64 posts tagged Anatomy
64 posts tagged Anatomy
Artist Lara Hawker lives in Auckland, New Zealand where she’s taught herself how to paint faces and bodies with awesome results that range from delightful to outright terrifying. That cute little kitty clearly isn’t a fan of Attack on Titan. Hawker recently participated in the Body Art Rocks Convention in Wellington, NZ where she won the Advanced Face Art category with this amazing animorph piece.
Canadian artist Maskull Lasserre (previously featured here) has recently been “re-carving” mass-produced wooden souvenir sculptures and decoys to reveal intricate an skeletal system beneath each sculpture’s wooden skin.
Visit Maskull Lasserre’s online portfolio to check out more of his amazing artwork.
Macabre baking maven Annabel de Vetten of Conjurer’s Kitchen (previously featured here) created this deliciously gruesome dissected cake in response to frequently being asked what’s inside her elaborately decorated cakes and what they taste like:
"Of course only the pretty cakes look like this on the inside, all the creepy and unusual cakes are yummy sponge cakes in many different flavours! ;-)
OK, so I’m kidding. Everything is tasty.”
[via Conjurer’s Kitchen]
For his ongoing series of anatomical sculptures, New York-based artist Jason Freeny (previously featured here) recently completed this fantastic dissection of Bugs Bunny. Bugs doesn’t seem to mind very much that he’s lost an eye and a good quarter of his skin and muscle have been peeled away. Then again, he’s always been a pretty insouciant, wascally rabbit. We’re also willing to bet that, could we see inside of it, his stomach would be full of well-crunched carrots.
Head over to Jason Freeny’s Facebook page to check out some process photos for this awesome sculpture.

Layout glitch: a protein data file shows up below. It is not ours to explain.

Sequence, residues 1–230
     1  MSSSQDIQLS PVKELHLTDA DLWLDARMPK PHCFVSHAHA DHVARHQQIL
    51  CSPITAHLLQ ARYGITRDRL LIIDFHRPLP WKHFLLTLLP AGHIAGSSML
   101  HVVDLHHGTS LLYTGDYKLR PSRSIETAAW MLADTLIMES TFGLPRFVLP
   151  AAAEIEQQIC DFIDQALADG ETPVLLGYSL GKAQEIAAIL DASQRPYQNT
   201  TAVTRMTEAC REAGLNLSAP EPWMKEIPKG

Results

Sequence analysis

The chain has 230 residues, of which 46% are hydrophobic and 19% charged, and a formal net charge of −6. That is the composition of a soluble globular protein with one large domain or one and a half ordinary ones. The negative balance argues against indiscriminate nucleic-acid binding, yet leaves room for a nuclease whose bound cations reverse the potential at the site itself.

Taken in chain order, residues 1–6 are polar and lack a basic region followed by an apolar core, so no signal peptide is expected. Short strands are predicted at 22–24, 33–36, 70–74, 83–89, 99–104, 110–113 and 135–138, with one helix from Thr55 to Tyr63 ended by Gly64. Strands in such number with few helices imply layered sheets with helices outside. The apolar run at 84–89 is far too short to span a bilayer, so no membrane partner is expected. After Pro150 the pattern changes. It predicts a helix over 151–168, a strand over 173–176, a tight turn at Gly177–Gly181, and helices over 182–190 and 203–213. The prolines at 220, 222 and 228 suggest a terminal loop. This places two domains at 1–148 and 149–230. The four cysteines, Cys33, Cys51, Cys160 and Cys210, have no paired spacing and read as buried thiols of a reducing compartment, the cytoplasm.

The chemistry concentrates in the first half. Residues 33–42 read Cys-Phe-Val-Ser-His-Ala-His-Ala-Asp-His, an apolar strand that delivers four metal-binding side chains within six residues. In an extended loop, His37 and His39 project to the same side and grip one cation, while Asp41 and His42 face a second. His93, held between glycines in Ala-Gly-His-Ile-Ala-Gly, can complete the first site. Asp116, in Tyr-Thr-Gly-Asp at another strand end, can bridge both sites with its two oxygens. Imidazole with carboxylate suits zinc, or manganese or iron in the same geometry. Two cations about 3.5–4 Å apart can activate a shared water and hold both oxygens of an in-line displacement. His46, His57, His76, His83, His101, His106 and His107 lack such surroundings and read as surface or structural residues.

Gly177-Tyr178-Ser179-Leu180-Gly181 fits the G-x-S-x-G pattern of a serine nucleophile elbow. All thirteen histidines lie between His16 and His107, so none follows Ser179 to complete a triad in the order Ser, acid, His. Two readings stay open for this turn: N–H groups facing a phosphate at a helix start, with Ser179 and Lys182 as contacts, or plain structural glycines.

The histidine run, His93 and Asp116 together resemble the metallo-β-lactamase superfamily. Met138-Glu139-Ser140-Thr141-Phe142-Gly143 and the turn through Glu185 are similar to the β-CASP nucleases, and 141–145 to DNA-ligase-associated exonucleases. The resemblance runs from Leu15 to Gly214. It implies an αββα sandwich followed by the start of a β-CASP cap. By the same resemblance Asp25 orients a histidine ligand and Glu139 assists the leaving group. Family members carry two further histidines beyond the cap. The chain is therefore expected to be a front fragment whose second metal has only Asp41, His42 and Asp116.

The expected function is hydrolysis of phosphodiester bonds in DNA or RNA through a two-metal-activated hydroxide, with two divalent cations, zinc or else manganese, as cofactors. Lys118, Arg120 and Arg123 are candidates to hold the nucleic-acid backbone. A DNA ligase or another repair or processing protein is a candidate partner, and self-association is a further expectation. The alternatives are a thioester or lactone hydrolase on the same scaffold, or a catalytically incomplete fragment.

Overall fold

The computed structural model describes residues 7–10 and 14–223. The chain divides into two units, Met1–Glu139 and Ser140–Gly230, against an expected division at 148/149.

Meet Zeta the Giant Anteater and her awesomely impressive 2-foot-long tongue. Zeta lives in England at the Cotswold Wildlife Park & Gardens and recently became a new mum after giving birth to an incredibly cute anteater pup.
Giant Anteaters are native to Central and South America. Their amazing tongues are typically 60 cm (24 inches) long, covered in backward-curving papillae and coated in thick, sticky saliva. The better to collect countless scrummy ants and termites with.
Photo via Cotswold Wildlife Park & Gardens.
Head over to ZooBorns for photos of Zeta with her extraordinarily cute pup.
It’s Amazing Animal Day on Geyser of Awesome!
"Jeepers creepers, where’d ya get those peepers?"
For a project entitled Your Beautiful Eyes, Armenian physics teacher and photographer Suren Manvelyan (previously featured here) used his students, colleagues and friends as models for his awesome series of close-up ocular portraits. When viewed up close the anatomy of the human eye suddenly appears incredibly alien and unfamiliar. The longer you look at each photo, exploring its unique textures and colors, the less it feels like you’re looking at a human eye.